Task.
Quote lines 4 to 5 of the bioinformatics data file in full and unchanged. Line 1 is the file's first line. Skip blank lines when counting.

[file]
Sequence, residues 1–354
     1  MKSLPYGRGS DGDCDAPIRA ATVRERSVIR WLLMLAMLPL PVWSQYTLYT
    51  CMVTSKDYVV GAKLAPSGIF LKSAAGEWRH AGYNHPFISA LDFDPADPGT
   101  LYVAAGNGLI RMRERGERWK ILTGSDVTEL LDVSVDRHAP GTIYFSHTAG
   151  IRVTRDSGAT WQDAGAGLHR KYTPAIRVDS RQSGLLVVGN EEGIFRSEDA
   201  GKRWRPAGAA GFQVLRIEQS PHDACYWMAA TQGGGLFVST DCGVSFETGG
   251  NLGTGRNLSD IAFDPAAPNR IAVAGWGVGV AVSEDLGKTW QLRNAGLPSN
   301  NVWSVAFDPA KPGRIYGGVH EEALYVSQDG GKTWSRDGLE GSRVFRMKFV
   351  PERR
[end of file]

   101  LYVAAGNGLI RMRERGERWK ILTGSDVTEL LDVSVDRHAP GTIYFSHTAG
   151  IRVTRDSGAT WQDAGAGLHR KYTPAIRVDS RQSGLLVVGN EEGIFRSEDA